Sex in science fictionModern science fiction frequently involves themes of sex, gender and sexuality. This was not always so. During the 1930s and 40s "golden age" of science fiction it was unusual to find males and females mentioned in the same paragraph, let alone having sex.
In spite of this, book covers for pulp science fiction often featured scantily clad women, often with guns or being menaced by aliens. In some ways, little has changed: many science fiction book covers still feature images of sexy women by artists such as Boris Vallejo and Frank Frazetta, although the images are perhaps somewhat less exploitative than before.
The New Wave science fiction of the 1960s and 1970s reflected its times by attempting to break earlier taboos about what could and could not be the subject of science fiction. The men's magazine Playboy published regular serious science fiction stories throughout this period, by both male and female authors, offering them significantly more scope than some other publications.
Two different themes emerged: one trying to explore the boundaries of what "sex" could mean in a world of altered humanity and reality, and another of exploring the position of women in science fiction and feminist issues in what had been traditionally a form of fiction written primarily by and for men.
Significant uses of sexual themes in serious science fiction include:
- Brave New World by Aldous Huxley
- Several stories in Dangerous Visions, edited by Harlan Ellison
- A number of works by Philip Jose Farmer: The Lovers, Flesh, his collection of stories on this theme, Strange Relations, plus two science fiction pornographic novels, Image of the Beast and Blown.
- The Left Hand of Darkness by Ursula K. Le Guin
- Dhalgren and several other works by Samuel Delany
- Tower of Glass by Robert Silverberg
- Titan and other novels by John Varley, set in a future where sex changes and other body modifications are commonplace
- The Handmaid's Tale by Margaret Atwood
- The Female Man by Joanna Russ
- The Culture novels of Iain M. Banks, where humans can change sex at will
- The Jerry Cornelius stories of Michael Moorcock and others
- The Moon is a Harsh Mistress by Robert A. Heinlein (various forms of group marriage, professional host-mothers)
- Ethan of Athos by Lois McMaster Bujold
- The Gods Themselves by Isaac Asimov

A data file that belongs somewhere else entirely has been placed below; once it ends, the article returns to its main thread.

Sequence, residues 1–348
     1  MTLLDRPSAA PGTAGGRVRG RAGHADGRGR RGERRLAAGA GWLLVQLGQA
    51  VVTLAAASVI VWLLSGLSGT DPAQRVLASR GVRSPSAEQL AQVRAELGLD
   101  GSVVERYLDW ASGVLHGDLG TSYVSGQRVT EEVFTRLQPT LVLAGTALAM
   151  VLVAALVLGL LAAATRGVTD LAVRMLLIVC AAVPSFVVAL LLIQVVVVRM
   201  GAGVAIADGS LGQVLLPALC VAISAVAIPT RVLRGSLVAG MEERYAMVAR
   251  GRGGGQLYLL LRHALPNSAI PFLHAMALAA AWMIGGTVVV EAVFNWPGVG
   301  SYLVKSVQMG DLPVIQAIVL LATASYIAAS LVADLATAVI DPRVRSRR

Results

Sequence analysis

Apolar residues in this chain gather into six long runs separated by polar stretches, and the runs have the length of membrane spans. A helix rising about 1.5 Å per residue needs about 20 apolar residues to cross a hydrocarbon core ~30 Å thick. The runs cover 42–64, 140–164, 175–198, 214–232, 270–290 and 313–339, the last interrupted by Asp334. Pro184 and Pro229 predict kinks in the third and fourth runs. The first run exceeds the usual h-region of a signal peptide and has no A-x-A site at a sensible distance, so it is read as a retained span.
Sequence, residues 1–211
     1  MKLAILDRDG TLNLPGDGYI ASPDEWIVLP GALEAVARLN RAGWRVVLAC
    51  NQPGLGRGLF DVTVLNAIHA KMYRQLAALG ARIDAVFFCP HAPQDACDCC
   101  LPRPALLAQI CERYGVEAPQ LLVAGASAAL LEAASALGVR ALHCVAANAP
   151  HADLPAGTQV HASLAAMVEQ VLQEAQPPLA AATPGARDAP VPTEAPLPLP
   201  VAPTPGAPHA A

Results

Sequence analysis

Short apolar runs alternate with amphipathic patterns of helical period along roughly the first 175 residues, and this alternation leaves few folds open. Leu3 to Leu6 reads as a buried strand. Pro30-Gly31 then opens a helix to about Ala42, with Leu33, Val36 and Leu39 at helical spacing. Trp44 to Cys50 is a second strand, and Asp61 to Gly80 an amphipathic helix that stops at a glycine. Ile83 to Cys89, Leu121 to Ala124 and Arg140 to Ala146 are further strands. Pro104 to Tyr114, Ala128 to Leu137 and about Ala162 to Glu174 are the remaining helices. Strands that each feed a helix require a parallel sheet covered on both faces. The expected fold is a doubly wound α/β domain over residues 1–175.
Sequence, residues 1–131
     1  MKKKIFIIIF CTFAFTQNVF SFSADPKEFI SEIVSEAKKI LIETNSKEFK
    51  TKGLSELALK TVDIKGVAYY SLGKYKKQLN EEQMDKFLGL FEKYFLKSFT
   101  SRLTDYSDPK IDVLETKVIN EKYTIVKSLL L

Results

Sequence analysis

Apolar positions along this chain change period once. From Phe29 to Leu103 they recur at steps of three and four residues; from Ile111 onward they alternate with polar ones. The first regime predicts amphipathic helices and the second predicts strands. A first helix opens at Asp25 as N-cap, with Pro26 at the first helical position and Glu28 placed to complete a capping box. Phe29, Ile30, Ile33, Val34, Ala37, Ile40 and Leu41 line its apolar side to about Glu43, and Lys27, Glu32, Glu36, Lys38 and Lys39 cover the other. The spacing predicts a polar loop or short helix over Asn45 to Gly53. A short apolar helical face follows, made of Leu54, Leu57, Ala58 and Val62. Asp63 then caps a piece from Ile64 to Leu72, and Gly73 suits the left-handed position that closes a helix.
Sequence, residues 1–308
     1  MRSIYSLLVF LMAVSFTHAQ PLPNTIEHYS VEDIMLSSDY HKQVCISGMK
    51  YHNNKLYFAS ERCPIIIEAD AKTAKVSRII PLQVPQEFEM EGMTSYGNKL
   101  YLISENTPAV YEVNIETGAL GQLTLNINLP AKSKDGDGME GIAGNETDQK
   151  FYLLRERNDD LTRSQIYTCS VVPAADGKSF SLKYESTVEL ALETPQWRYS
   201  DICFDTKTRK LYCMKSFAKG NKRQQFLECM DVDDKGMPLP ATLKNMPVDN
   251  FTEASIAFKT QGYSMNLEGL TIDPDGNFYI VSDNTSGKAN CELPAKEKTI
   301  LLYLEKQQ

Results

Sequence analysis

- Strangers by Gardner Dozois
- The Dune series of novels by Frank Herbert
- A number of works by Theodore Sturgeon, including The World Well Lost (alien homosexuality) and Godbody (religious sexuality).
- The Primal Urge by Brian Aldiss
- VESTA - Painworld by Jennifer Jane Pope
- The Tales of the Velvet Comet trilogy by Mike Resnick
- Several books by Spider Robinson, including Callahan's Lady
- Jurgen by James Branch Cabell
- The Bachelor Machine by M. Christian
- Trouble on Triton by Samuel Delany
- Sex with aliens, machines and robots
- Reproductive technology including cloning, artificial wombs and genetic engineering
- Sexual equality of men and women
- Male- and female-dominated societies, including single-sex societies
- Changing sex roles
- Homosexuality and lesbianism
- Androgyny and sex changes
- Sex in virtual reality
- Sexual bonding and politics
- Sex in zero gravity
In recent years there has been a growing BDSM awareness in the science fiction and fan community.
Numerous science fiction television series and science fiction films have used science fiction plots as an excuse to fit in gratuitous sexual or fetishistic content: one of the conventions of much filmed science fiction appears to be that the future will be peopled exclusively by attractive people wearing skin-tight clothing in shiny materials. Nevertheless, some science fiction-themed TV shows, such as Farscape, have been acclaimed for their handling of such themes. The series Lexx features sexual themes in almost every episode.